Case Anton


Case Anton (German: Fall Anton) was the military occupation of France carried out by Germany and Italy in November 1942. It marked the end of the Vichy regime as a nominally-independent state and the disbanding of its army (the severely-limited Armistice Army), but it continued its existence as a puppet government in Occupied France. One of the last actions of the Vichy armed forces before their dissolution was the scuttling of the French fleet in Toulon to prevent it from falling into Axis or Allied hands.

Case Anton
Part of World War II
Bundesarchiv Bild 101I-027-1451-10, Toulon, Panzer IV.jpg
Panzertruppen watching a burning French warship, probably Colbert
PlannedDecember 1940
Commanded byGeneraloberst Johannes Blaskowitz
ObjectiveMilitary occupation of France
Date10–27 November 1942 (1942-11-10 – 1942-11-27)


A German plan to occupy Vichy France had been drawn up in December 1940 under the codename of Operation Attila and soon came to be considered with Operation Camellia, the plan to occupy Corsica.[1] Operation Anton updated the original Operation Attila, including different German units and adding Italian involvement.

For Adolf Hitler, the main rationale for permitting a nominally-independent France to exist was that it was, in the absence of German naval superiority, the only practical means to deny the use of the French colonies to the Allies. However, the Allied landings in French North Africa on 8 November 1942 caused that rationale to disappear, especially since it quickly became apparent that the Vichy government possessed neither the political will nor the practical means to prevent French colonial authorities from submitting to Allied occupation. Moreover, Hitler knew he could not risk an exposed flank on the French Mediterranean. After a final conversation with French Prime Minister Pierre Laval, Hitler gave orders for Corsica to be occupied on 11 November and Vichy France the following day.


The scuttling of the French fleet, from left to right: Strasbourg, Colbert, Algérie, and Marseillaise

By the evening of 10 November 1942, Axis forces had completed their preparations for Case Anton. The 1st Army advanced from the Atlantic coast, parallel to the Spanish border, while the 7th Army advanced from central France towards Vichy and Toulon, under the command of General Johannes Blaskowitz. The Italian 4th Army occupied the French Riviera and an Italian division landed on Corsica. By the evening of 11 November, German tanks had reached the Mediterranean coast.

The Germans had planned Operation Lila to capture intact the demobilised French fleet at Toulon. French naval commanders managed to delay the Germans by negotiation and subterfuge long enough to scuttle their ships on 27 November, before the Germans could seize them, preventing three battleships, seven cruisers, 28 destroyers and 20 submarines from falling into the hands of the Axis powers. Despite the disappointment of the German Naval War Staff, Hitler considered that the elimination of the French fleet sealed the success of Operation Anton[2] since the destruction of the fleet denied it to Charles de Gaulle and the Free French Navy.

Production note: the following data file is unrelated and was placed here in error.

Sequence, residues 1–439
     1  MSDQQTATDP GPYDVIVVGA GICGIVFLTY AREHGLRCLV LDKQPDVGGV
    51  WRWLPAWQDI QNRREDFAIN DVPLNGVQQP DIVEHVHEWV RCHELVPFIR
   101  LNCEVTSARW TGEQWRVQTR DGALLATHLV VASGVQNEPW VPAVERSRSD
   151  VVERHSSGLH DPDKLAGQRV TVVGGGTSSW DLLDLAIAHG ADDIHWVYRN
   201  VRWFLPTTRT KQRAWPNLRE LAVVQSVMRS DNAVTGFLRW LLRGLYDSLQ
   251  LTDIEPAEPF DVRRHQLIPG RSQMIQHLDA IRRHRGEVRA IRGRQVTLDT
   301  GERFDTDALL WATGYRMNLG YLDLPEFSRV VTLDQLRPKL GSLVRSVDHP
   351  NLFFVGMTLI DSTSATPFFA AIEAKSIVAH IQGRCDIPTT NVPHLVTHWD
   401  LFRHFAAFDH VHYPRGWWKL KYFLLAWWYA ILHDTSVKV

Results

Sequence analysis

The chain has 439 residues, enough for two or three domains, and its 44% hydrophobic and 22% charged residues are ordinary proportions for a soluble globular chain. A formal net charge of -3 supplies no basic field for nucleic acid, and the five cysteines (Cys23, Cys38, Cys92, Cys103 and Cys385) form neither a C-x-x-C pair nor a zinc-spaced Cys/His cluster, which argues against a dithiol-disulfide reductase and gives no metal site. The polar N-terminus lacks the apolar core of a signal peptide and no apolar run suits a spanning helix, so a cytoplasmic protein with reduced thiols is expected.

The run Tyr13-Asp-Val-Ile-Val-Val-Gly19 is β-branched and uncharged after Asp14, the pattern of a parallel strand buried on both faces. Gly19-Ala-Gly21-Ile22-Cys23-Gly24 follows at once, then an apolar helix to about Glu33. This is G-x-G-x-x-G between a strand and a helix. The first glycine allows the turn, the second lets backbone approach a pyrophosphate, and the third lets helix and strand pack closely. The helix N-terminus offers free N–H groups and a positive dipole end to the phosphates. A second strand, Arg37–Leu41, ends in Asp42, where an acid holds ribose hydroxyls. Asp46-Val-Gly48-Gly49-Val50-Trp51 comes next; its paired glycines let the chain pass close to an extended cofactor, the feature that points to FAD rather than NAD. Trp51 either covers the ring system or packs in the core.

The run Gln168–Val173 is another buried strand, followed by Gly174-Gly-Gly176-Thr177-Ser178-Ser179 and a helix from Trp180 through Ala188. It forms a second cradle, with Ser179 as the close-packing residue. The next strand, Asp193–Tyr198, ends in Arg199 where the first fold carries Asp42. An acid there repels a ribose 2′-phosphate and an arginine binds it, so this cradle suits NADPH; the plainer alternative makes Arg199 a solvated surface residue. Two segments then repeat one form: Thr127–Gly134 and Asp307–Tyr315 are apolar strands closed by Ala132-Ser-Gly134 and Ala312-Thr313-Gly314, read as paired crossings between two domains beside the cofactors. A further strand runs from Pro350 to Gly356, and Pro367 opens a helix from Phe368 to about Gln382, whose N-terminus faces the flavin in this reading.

Vichy France limited its resistance to radio broadcasts objecting to the violation of the armistice of 1940. The German government countered that it was the French who violated the armistice first by not offering a determined resistance to the Allied landings in North Africa. The 50,000-strong Vichy French Army took defensive positions around Toulon, but when confronted by German demands to disband, it did so since it lacked the military capability to resist the Axis forces.


Although it became little more than a puppet government, the Vichy regime continued to exercise nominal civil authority over the whole of Metropolitan France except Alsace-Lorraine, as it had done since 1940. The Italian occupation zone was abolished following the removal of Mussolini from office and the Italian government's subsequent request for an armistice in 1943. France subsequently remained under exclusively German occupation from then until the Allied invasion and liberation of the country in 1944.

See alsoEdit


  1. ^ Schreiber 1990, p. 78.
  2. ^ Schreiber 1990, p. 827.


  • L'Herminier, Captain Jean (1953). Casabianca:The Secret Missions of a Famous Submarine. London: Frederick Muller. ISBN 978-2-7048-0704-8.